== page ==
The main aims of the Centre of Excellence are to provide opportunities in Temporary Works and Construction Method Engineering, with a postgraduate course available and targeted research projects with direct industry involvement.
The Centre of Excellence comprises a large number of academic staff across engineering disciplines who are committed to addressing industry challenges associated with construction processes. This groups has many years of experience in providing insight into practical problems and have access to state-of-the-art testing facilities that allow exploration into simple and complex problems.
- Professor Neil Taylor
- Professor Sarah Stallebrass
- Professor Cedric D’Mello
- Professor Chris Atkin
- Dr Sam Divall
- Dr Richard Goodey
- Dr Agathoklis Giaralis
- Dr Feng Fu
- Dr Alfredo Camara
- Dr Panagiotis Mergos
The main aim of the Centre of Excellence is to undertake research that will support the Temporary Works Forum (TWf) in driving “long-term change and waste reduction in the way we construct”.
The Centre of Excellence at City, University of London, supported by the Temporary Works Forum (TWf), have two doctoral research projects on-going, please see the descriptions below:
1. Safety of Working Platforms for Tracked Plant Formed from Construction Demolition Waste.
The key design criterion for working platform design is whether it can safely support the application of an extremely high monotonic load applied eccentrically through the tracks of plant. Thus, the design criterion is stability. The BRE guide idealises this load case as load acting over an equivalent area, rectangular in plan, which lies on layered ground. The depth of the upper layer, the working platform, is determined by assuming a punch through failure mechanism in this layer and conventional bearing capacity failure in the subgrade. Designers following this method then need to determine the appropriate angle of friction to be used in the calculation of the resistance of the platform material (construction demolition waste) to punching failure. The aim of this approach is to provide a conservative design method given that insufficient data exists.
2. The strength and stability of steel reinforcement cages in their temporary state.
The contributing strength of a steel reinforcement cage to that of a reinforced concrete column, beam, slab or wall is well understood. However, the strength and stability of that same cage during its assembly, handling and whilst lifting into position prior concreting is not. Whilst a number of guidance documents exist for industry to consult, they contain no real guidance for their technical assessment. This poor understanding of the behaviour of these highly flexible structures, coupled with changing industrial practices involved with their construction, means that there continues to be accidents from stability collapses and tie failures during the temporary state.
The aim of the project is to establish the strength and stability of reinforcement cages in their temporary state to make suitable recommendations and assessment methodologies to improve industry guidance and best practice leading to a safer construction environment.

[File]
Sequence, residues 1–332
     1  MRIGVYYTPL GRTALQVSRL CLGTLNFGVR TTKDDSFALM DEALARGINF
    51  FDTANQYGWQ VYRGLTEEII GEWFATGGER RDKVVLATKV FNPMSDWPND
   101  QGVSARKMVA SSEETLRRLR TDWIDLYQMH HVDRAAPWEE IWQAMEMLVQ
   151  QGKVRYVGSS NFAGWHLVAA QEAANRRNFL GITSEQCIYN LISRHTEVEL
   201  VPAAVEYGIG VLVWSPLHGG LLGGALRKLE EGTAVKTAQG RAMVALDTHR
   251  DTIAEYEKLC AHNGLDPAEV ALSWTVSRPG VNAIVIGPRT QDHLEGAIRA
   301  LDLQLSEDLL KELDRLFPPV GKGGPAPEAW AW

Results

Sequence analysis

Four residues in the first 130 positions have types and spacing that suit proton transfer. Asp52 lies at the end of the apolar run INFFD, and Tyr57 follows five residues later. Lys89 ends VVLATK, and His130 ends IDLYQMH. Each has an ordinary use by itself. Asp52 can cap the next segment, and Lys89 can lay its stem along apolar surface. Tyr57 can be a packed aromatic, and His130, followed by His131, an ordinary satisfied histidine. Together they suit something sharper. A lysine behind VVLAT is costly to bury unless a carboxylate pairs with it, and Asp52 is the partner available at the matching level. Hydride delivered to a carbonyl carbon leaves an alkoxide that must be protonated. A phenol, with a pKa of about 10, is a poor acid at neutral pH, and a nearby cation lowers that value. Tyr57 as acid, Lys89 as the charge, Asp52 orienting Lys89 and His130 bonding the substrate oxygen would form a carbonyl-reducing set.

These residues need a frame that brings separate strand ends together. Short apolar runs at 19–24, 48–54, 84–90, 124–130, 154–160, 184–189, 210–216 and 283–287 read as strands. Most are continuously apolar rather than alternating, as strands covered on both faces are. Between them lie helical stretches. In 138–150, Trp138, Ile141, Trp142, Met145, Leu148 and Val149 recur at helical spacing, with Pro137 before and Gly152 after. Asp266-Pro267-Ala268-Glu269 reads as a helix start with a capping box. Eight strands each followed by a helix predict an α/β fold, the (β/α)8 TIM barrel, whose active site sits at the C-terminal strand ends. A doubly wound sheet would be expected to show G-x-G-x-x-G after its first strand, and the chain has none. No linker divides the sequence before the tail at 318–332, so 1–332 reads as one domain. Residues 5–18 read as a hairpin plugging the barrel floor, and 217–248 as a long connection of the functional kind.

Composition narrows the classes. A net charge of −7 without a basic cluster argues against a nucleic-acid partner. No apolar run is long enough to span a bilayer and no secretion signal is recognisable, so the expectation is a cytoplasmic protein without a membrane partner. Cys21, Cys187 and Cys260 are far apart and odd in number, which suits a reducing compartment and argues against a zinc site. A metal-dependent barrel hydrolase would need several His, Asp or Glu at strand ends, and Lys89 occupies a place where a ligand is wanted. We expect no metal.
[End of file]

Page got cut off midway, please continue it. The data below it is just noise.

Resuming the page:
If you are interested in contributing to either of these projects please contact the Director of the Centre of Excellence Dr Andrew McNamara.
Civil Engineering Laboratory
We have access to an array of recently refurbished facilities, including exceptional laboratories.
The Geotechnical Centrifuge Facility is the centrepiece of the Civil Engineering Laboratory which also accommodates a large flexible laboratory space used for centrifuge model preparation, model testing at 1g, concrete testing and teaching. Adjacent to this are concrete mixing and casting facilities, a temperature-controlled soil element testing laboratory and a concrete durability laboratory.
Read more about the Civil Engineering Laboratory’s facilities
In addition we have access to a Strong Floor and loading frames including new strong-wall being developed for lateral loading of column and tall structures. This particular facility has seen £800K investment in equipment for teaching and research including high flow computer controlled hydraulic loading for static, cyclic and dynamic & hybrid testing with ring-main, static compression up to 12MN and 50kN tension testing for steel materials.
The Department of Mechanical Engineering & Aeronautics have also initially agreed to the use of their Wind Tunnel Laboratory facilities. These are renowned for being newly upgraded and leading-edge facilities.
New MSc in Temporary Works and Construction Method Engineering
Our new MSc degree, the first and only of its kind in the UK, provides a specialist qualification for those involved in the design and construction of temporary works and addresses industry need for such a professional qualification. The Temporary Works Forum (TWf), which promotes best practice within the UK construction industry*, has designated City, University of London as a Centre of Excellence in Temporary Works and Construction Method Engineering and collaborated in the development and delivery of this new masters.
The first cohort of students on the new MSc Temporary Works and Construction Method Engineering with Bill Hewlett, former chairman of the Temporary Works Forum and Andrew McNamara, programme director and director of the Centre of Excellence for Temporary Works and Construction Method Engineering.